Many teachers, including Samuel Reed, struggle to get their male students involved in creative writing as much as their female students. So over this past summer, Reed, a teacher at the U School and a Philadelphia Writing Project consultant, helped organize a series of writing workshops for boys in Philadelphia.
The workshops, called Boys.Write.Now., are part of an initiative called Start.Write.Now. The program was created by the Alliance for Young Artists & Writers, which is the nonprofit presenter of the Scholastic Art & Writing Award. Start.Write.Now. is a national workshop series designed to encourage students in grades 7–12 to share their voice and engage with their creative peers.
“One of the issues for us is we have so many more girls than boys submitting writing. So we started to see what we could do during the summer to reach more boys,” said Virginia McEnerney, executive director of the Alliance for Young Artists & Writers.
Philadelphia’s Boys.Write.Now. workshops, supported locally by the Philadelphia Writing Project, were held earlier this summer and were open to boys grades 7-12. Additional funding for the workshops was provided by BMe, a real-world social network for building more caring and prosperous communities inspired by black men. Reed, the leader of the workshops, received the funding as a 2014 BMe Award Recipient.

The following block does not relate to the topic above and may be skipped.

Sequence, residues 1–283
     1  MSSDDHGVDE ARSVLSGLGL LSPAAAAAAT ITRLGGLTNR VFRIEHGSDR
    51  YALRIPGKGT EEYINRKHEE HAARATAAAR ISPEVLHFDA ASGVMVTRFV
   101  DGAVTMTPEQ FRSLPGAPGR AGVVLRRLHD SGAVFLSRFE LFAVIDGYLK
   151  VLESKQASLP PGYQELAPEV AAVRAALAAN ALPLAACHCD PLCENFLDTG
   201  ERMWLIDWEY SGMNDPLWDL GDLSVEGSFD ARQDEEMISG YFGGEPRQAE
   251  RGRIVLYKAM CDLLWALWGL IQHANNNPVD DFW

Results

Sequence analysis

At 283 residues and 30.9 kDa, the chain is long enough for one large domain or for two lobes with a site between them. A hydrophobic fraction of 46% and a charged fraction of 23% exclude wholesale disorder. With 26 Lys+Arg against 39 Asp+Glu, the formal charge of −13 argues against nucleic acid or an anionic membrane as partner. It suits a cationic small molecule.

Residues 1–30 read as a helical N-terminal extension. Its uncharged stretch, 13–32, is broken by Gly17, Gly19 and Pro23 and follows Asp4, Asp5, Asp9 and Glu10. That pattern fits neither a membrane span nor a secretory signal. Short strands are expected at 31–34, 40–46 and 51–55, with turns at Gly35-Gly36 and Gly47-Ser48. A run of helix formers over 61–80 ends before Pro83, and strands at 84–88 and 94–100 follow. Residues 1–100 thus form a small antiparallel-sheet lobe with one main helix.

The workshops were designed to encourage boys to use creativity and encourage more to submit their work to the awards. Reed chose to host the workshops at three different locations, Overbrook Arts Center, the University of Pennsylvania Museum, and Impact Hub Philadelphia, in order to reach as many youth as possible across the city.
“Giving young men opportunities through different mediums–through writing, through drawing, through creating games to express themselves. We’re preparing kids for the 21st century economy–the creative economy,” Samuel Reed said.
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Youth at each of Reed’s workshops got to pick what they wanted to focus on: video game design, poetry, or visual art. This allowed them to learn a wide variety of skills such as game story-boarding, elements of drawing and aesthetics, and elements of writing and delivering poetry.
The goal of the workshops was to have boys learn skills and start projects that they can continue after the workshop is over. Reed said they will stay in touch with the workshop participants to continue mentoring them and to help them submit their work to the next round of the Scholastic Art & Writing Awards, which opens September 15.
“Giving young men opportunities through different mediums–through writing, through drawing, through creating games to express themselves. We’re preparing kids for the 21st century economy–the creative economy,” said Reed. “Somebody is going to find their passion today, and that might be the start of an amazing artist, performer, person.”
Reed will host a workshop this Saturday, August 23 at Oxford Mills as a pilot workshop for Girls, called “Girls on Fire,” using some of the additional funding he received from BMe.-30-
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